Exotis ISSN 2398-2985

Reptiles

Brown anole

Synonym(s): Anolis sagrei

Contributor(s): Vetstream Ltd, Kirsty Dewhurst

Introduction

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Scientific Classification

  • Kingdom: Animalia. 
  • Phylum: Chordata. 
  • Class: Reptilia. 
  • Order: Squamata. 
  • Suborder: Iguania. 
  • Family: Dactyloidae. 
  • Genus: Anolis
  • Species: sagrei.

Distribution and habitat

  • Native to the Bahamas and Cuba. 
  • They can also now be found in some of the United States, Cuba, the Caribbean islands and Taiwan. 
  • Their range is still expanding. 
  • Usually found living in open habitats, including trees, or even on open ground. 
  • They can thrive in most environments. 

Species status

  • Secure, not currently under threat. In fact, they are one of the most inexhaustible species of lizard in some states of America. 
  • Predators include rats, snakes, birds and cats. 

Life span

  • In the wild: approximately 4 years. 
  • In captivity: approximately 8 years. 

Diet

  • Carnivorous. 
  • Insects, eg grasshoppers, ants, crickets, spiders, waxworms, etc Lizard nutrition
  • They also eat other small lizards, and sometimes even their own hatchlings and hatchlings of the Green anole Green anole
  • After shedding, they may also eat their own skin which acts as a source of calcium for them.

Breeding

  • Egg laying occurs in the warm months (March-September).
  • Males are sexually mature from around one years old.
  • Males will usually breed with resident anoles, or non-resident females if they have a choice.
  • If the female is interested in mating she will head bob, arch her neck and allow the male to bite onto her neck to gain the mating position.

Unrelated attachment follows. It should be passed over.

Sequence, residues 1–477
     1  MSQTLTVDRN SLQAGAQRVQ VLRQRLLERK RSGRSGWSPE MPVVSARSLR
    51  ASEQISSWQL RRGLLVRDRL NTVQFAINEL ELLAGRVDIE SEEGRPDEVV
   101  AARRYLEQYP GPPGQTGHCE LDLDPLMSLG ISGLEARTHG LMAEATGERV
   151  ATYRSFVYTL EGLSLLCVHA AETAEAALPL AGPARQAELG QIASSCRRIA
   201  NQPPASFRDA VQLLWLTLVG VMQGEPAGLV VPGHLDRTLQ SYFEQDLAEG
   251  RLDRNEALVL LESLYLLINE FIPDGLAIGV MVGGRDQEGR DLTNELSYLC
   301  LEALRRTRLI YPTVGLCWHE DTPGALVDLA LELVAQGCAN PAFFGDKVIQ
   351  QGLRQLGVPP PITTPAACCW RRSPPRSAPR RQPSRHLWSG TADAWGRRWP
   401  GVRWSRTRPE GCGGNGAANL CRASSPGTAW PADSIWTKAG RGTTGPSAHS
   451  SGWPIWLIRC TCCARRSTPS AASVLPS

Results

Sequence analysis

• Males will show their colorful dewlaps before and during mating.
  • This anole can produce offspring from more than one male.
  • Females lay one single egg into soil at 14-day intervals Lizard reproduction
  • In total, females lay 15-18 eggs per breeding season. 
  • Hatchlings will incubate for 40-60 days. 

As pets

  • Popular as pets, however researching the species and providing an appropriate enclosure is vital.

Predatory behavior

  • They may pounce on any insects/prey that they see moving.
  • They will also consume other anoles eggs.

Biological Data

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Further Reading

Publications

Refereed papers

Other sources of information

  • Animal Spot (2018) Brown Anole. Website: www.animalspot.net. Last accessed 19th February 2018.
  • Reptiles Magazine (2018) Brown Anole. Website: www.reptilesmagazine.com. Last accessed 19th February 2018. 
  • Savannah River Ecology Laboratory (2018) Brown Anole (Anolis sagrei). Website: srelherp.uga.edu. Last accessed 19th February 2018.
  • Conservation & Education Department - Oakland Zoo (2017) Brown Anole (Cuban Anole). Website: www.oaklandzoo.org. Last accessed 15th June 2018.
  • Encyclopedia of Life (2011) Norops sagrei – Brown Anole. Website: eol.org. Last accessed 19th February 2018.
  • Losos J (2009) Social Behaviour, Selection and Dimorphism. In: University of California Press Lizards in an Evolutionary Tree - Ecology and Adaptive Radiation of Anoles. Univeristy California Press, USA. pp 172-176.
  • Vitt L & Caldwell J (2009) Behavioural Ecology. In: Herpetolgy - An Introductory Biology of Amphibians and Reptiles. 3rd edn. Elsevier Academic Press, USA. pp 262.
  • Integrated Taxonomic Information System. Anolis Sagrei. Website: www.itis.gov. Last accessed 15th June 2018.
  • Savannah River Ecology Labratory. Brown Anole (Anolis sagrei) - Introduced. Website: https://srelherp.uga.edu. Last accessed 15th June 2018.

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